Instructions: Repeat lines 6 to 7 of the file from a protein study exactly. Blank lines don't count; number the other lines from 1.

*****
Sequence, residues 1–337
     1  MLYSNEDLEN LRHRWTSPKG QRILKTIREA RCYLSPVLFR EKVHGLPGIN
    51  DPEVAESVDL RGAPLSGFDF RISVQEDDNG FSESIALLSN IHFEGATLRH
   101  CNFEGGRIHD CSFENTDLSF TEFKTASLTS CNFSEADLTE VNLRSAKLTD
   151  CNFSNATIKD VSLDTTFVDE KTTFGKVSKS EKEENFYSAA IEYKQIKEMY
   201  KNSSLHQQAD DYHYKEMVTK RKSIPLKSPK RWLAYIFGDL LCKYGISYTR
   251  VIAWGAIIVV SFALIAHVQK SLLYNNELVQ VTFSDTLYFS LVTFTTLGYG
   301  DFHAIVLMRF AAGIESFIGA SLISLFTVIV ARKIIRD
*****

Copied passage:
   201  KNSSLHQQAD DYHYKEMVTK RKSIPLKSPK RWLAYIFGDL LCKYGISYTR
   251  VIAWGAIIVV SFALIAHVQK SLLYNNELVQ VTFSDTLYFS LVTFTTLGYG